I hadn’t planned to do NaPoWriMo this year. “The Significance of a Dress” had two launches planned at the beginning of March, one of which had to be rearranged at very short notice to a reduced audience. There were further readings planned later in March and events in May; all delayed or cancelled. Poetry books mostly sell at readings. Chain bookstores don’t support poets. Promotional activity had to move online at a time when Amazon deemed books non-essential and Hive temporarily shut then reopened in a limited capacity, so getting word out that independent publishers and book shops were will still open and delivering became more crucial than ever. My employer is a supply chain to local government, schools, academies, charities, the police and NHS and became a food hub for Leicestershire, making up food parcels for distribution to vulnerable people during lock down so I was still working, albeit from home. NaPoWriMo therefore became a way of carving out a period of creativity each day, a time to play when work seemed to be dominant.
Unlike previous years when music and reading were key sources of inspiration, this year ekphrastic poems came to the fore. Ekphrastic poems take a piece of art (not necessarily visual art) and provide a descriptive narrative either of the scene depicted or giving voice to the subject. Not being a particularly visual person – I even think in words rather than images – I guess this inspiration came from a place of wanting to find different sources of inspiration.
It wasn’t the sole source. Some poems were inspired by overheard phrases, some by submission call-outs where a magazine or competition asked for pieces on a theme. Of course, writing to that theme doesn’t mean your poem can’t be submitted elsewhere, although it does have to work outside of the context of being a piece of work on a set theme. Similarly, I think ekphrastic poems have to work as pieces that can stand alone apart from the artwork that inspired them. Naturally, people familiar with artwork may see references and layers that those who don’t know the artwork may miss, but it’s not always possible for magazines or publishers to reproduce the artwork as well.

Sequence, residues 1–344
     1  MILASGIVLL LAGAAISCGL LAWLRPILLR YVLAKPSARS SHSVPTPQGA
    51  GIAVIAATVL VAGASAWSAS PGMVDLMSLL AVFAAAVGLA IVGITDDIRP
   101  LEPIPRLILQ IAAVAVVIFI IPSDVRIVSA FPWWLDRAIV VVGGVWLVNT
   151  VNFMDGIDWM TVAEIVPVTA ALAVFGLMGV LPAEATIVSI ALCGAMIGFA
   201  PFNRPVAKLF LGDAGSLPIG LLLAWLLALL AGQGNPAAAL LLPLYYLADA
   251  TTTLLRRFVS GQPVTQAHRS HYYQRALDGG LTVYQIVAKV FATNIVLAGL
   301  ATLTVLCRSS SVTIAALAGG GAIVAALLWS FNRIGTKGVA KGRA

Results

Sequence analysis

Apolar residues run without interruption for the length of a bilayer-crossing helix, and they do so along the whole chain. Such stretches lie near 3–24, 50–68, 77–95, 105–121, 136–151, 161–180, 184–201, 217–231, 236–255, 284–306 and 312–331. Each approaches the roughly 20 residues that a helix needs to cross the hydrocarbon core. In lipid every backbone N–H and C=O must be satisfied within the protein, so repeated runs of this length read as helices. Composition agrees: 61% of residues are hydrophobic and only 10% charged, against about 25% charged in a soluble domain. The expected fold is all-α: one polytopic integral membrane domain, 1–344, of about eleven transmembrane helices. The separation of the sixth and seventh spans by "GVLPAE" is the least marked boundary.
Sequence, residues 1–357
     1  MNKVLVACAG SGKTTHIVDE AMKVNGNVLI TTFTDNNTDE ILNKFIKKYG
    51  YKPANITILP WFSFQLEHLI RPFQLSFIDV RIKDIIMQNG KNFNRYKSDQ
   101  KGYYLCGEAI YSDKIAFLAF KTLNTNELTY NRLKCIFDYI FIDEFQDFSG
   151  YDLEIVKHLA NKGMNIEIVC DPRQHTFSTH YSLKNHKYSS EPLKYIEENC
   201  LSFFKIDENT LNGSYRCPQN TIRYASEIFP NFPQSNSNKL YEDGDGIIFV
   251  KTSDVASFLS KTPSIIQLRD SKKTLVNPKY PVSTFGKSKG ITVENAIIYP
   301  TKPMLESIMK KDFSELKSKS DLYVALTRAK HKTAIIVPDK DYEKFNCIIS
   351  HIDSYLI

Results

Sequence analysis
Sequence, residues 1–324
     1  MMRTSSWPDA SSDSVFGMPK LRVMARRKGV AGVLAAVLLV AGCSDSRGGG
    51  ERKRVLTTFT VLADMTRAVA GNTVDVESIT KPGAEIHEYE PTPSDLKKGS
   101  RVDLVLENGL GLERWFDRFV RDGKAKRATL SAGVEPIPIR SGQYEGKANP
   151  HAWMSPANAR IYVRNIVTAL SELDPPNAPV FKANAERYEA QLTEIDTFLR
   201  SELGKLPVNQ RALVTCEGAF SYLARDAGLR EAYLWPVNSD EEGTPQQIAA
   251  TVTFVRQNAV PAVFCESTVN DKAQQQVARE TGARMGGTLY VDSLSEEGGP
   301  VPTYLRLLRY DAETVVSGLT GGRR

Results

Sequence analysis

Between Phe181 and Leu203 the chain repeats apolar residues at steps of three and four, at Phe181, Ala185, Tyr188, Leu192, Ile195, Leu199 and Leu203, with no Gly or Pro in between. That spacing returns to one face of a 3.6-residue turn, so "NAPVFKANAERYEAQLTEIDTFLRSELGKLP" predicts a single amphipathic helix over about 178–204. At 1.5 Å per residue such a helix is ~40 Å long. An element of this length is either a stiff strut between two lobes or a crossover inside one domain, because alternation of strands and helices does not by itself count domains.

Are there any pandemic-inspired poems? Naturally, around eight of them. All but one will work outside the context of Covid-19 so if I decide to submit them for publication they won’t need a pandemic-specific context. While it’s right that writers (and artists) bear witness, I don’t think it’s right that writers pressure themselves or have external pressure urging them to write directly about the pandemic. Some writers will respond fairly immediately, others need time for ideas to take shape and form not because they are slow or poor writers but because their writing process is different and transforming an idea to a fully-formed poem takes a different route. The best work rarely comes from a place of being caught up in the experience. Those who have been furloughed, had sufficient savings to remove financial worries, weren’t also trying to home-school children and had a garden to relax/exercise in, will have a very different experience to someone trying to home-school and do a full-time job from home, who will have had a difference experience to a key-worker unable to work from home, whose experience will differ from someone with underlying conditions who has had to self-isolate without access to a garden.
I’ve listed the titles of my draft poems at NaPoWriMo as usual. I will update if any are subsequently accepted for publication.
Emma Lee’s The Significance of a Dress is available from Arachne Press. The link also has a trailer featuring the title poems and samples of some of the poems from the collection.